Sunday, January 30, 2011

The Stranger

Meursault is an apathetic man and doesn't even seems to be able to prevail or fail. Seemingly without any passion, he moves on without a care either way. When Marie, "...asked me if I loved her. I told her it didn’t mean anything but that I didn’t think so."

There are very few people or characters who don't care about love. There are very few people who experience little to no emotion at the death of their mother (" Maman died today. Or yesterday maybe, I don’t know. I got a telegram from the home: “Mother deceased. Funeral tomorrow. Faithfully yours.” That doesn’t mean anything. Maybe it was yesterday."). In the beginning of this novel Meursault almost seems like a failure of a person wasting away his life. As the reader we find ourselves frustrated with his character considering his lack of feeling and emotion as a problem rather than a simple characteristic.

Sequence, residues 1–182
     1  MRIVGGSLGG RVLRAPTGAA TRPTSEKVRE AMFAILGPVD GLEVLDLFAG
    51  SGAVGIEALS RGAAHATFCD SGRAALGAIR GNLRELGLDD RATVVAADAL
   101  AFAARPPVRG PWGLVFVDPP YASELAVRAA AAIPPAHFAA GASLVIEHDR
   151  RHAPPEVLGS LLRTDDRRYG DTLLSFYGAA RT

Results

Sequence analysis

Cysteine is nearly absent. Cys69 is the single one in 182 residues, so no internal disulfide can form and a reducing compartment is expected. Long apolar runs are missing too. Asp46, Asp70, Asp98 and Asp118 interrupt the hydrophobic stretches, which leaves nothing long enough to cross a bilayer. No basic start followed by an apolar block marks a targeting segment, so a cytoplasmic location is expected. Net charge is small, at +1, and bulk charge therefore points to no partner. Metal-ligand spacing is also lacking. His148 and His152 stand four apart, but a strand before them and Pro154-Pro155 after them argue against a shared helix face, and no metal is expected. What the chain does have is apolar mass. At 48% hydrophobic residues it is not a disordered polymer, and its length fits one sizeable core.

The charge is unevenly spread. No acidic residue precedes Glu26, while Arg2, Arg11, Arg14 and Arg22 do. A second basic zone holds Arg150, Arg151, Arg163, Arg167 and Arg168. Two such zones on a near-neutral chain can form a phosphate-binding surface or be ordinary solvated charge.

But as the plot progresses, and especially by the end, we see how Meursault has truly succeeded in a way very few people have. His passion for the truth and to always tell the truth takes him to his very death. This passion, Camus argues, is one that isn't handled well by society and thus innocence leads to conviction.

The Stranger is a unique and unconventional answer to this question. His passion for the truth never falters which seems to be a recipe for success. Yet society turns it into a failure, death. From a more cynical view point, passion is not enough to yield success; the restrictions of society may inevitably cause some to fall.

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